My first child was born via cesarean section, my second born naturally in hospital and my third born naturally... and unexpectedly at home. So I feel that, anecdotally at least, I may have a little to say about the subject.
On the 23rd November, I was woken by the radio announcement of 'NICE guidelines recommend that all pregnant women be offered caesarean section'. As the day wore on they tracked down a couple of women who said that they would definately have a c-sec if offered, in order to avoid the pain. Needless to say, I was a little bemused.
So I had a look at the new guidelines myself. And to say that the news got it wrong, would be to understate the situation. As usual they latched onto the bit that was most likely to make the news, and ran with it, regardless of the actual facts of the matter.
If someone looked closer, they begin to see that the updated guidelines actually are to do with 2 groups of women who have in the past, been routinely offered c-sec. This includes women with an HIV + status and women who have had a previous status; "Once a caesarean, always a caesarean". They find that after new published research, that in certain circs, a vaginal birth has the same rate of HIV transmission as a caesarean; therefore those women can be offered a vaginal birth and that after up to 4 previous caesareans, there is no difference in risk between the two birth methods.
The change however that was latched onto, was the part that said that where a women requests a caesarean due to anxiety about childbirth, NICE recommends that those women be sent for mental health support. If after this, and after all the information has been supplied to the woman and all support offered, only then would a planned caesarean be offered. A far cry from a free for all.
Dr Gillian Leng, deputy chief executive of NICE, said: “For a very small number of women, their anxiety about childbirth will lead them to ask for a caesarean section. The new recommendations in this guideline mean that these fears will be taken seriously and women will be offered mental health support if they need it. If the woman's anxiety is not allayed by this support, then she should be offered a planned caesarean section. Offering these women a planned caesarean in these circumstances is a very long way from saying that caesarean section should automatically be offered to every woman.”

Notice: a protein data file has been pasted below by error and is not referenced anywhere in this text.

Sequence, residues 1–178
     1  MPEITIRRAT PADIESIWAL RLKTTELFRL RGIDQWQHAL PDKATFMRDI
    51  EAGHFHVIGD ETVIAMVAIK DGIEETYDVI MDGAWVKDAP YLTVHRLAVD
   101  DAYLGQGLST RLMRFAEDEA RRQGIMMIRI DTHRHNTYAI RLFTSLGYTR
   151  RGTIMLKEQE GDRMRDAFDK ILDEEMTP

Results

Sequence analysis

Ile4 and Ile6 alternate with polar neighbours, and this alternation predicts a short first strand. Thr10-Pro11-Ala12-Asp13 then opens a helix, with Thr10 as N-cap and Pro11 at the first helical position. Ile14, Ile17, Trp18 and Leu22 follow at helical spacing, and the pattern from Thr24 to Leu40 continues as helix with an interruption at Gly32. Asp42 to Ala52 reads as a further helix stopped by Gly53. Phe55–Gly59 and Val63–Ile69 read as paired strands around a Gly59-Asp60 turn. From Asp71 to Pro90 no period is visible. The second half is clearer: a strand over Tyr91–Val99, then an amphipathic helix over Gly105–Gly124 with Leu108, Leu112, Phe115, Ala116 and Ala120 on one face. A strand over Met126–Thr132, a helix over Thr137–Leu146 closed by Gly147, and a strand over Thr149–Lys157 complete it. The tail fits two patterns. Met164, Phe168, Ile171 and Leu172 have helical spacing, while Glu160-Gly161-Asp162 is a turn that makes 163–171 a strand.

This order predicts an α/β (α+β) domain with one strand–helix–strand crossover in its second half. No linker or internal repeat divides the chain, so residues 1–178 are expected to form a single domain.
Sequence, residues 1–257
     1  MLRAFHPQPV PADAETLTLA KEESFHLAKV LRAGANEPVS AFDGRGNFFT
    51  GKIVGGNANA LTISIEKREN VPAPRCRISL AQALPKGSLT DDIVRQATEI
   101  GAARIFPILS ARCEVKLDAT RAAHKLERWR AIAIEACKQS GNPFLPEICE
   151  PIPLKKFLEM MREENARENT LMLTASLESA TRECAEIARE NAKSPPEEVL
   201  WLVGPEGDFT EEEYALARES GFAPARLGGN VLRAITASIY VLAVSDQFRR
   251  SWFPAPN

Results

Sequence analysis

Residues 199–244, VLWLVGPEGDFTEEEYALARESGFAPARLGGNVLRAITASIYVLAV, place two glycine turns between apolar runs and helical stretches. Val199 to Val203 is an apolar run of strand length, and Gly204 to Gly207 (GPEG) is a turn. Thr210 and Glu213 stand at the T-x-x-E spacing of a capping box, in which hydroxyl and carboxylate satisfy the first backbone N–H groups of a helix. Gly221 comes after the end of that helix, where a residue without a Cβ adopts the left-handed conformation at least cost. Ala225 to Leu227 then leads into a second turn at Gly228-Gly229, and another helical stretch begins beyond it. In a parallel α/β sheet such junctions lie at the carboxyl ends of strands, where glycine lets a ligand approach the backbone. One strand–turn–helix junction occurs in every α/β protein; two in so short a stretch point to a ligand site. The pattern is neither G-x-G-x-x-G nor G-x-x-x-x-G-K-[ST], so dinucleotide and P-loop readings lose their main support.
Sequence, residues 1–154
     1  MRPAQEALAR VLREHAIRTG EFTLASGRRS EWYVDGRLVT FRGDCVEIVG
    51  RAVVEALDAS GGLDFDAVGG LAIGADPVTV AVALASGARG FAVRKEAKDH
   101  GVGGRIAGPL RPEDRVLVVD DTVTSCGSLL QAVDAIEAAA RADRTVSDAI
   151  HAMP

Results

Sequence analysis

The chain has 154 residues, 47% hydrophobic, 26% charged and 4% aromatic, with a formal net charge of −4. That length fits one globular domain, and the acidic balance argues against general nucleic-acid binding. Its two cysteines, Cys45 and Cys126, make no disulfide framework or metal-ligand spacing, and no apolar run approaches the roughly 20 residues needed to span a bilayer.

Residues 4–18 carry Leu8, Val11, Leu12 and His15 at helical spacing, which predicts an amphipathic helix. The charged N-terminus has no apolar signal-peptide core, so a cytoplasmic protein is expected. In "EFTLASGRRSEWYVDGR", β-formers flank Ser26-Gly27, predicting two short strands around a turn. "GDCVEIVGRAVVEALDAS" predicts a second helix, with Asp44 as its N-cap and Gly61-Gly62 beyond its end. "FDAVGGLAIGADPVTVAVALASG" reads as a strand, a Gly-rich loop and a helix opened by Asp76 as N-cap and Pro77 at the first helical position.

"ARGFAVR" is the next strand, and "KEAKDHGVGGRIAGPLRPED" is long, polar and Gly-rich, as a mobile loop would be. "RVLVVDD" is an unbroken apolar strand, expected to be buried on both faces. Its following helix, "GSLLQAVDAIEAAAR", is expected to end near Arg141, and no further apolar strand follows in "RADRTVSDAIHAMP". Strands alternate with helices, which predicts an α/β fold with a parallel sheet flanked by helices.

As someone who has given birth 'both ways', I will say every time that I would take a natural birth every time. When I was told that I would need a c-sec to deliver my breech baby, I had no concept of how big a deal the surgery was. It is, after all major abdominal surgery. After which you then need to care round the clock for a newborn. Add to that not being able to drive for 6 weeks, add to that feelings of isolation... Add to that again, in my case, the feeling that my body had somehow let me down by not birthing 'properly' and all the associated feelings of inadequacy, helplessness and fear that brings. Picking up and breastfeeding my baby was a challenge while my wound was healing, I was knocked out by the necessary pain relief in those first 24 hours. I literally remember snippits of my eldests first day and that saddens me.
Caesarean has a valuable place. Babies are born healthily now where, before c-sec, they would not have been born live at all, but it is not ideal and should certainly not be idealised by the popular media.
Informed choice shold be paramount in all situations and that includes childbirth. Being informed is empowering, confidence building and essential to maintaining a sense of control over the situation. In antenatal education, the emphasis is rightly on normal birth but I wonder, can a balance be found between giving the information about the facts of a caesarean and causing unnecessary anxiety about it? Afterall we don't want to frighten women either.
What doesnt help though is stories like this where the media is implanting into peoples brains that to give birth by caesarean is 'just' a choice. Theres nothing 'just' about it.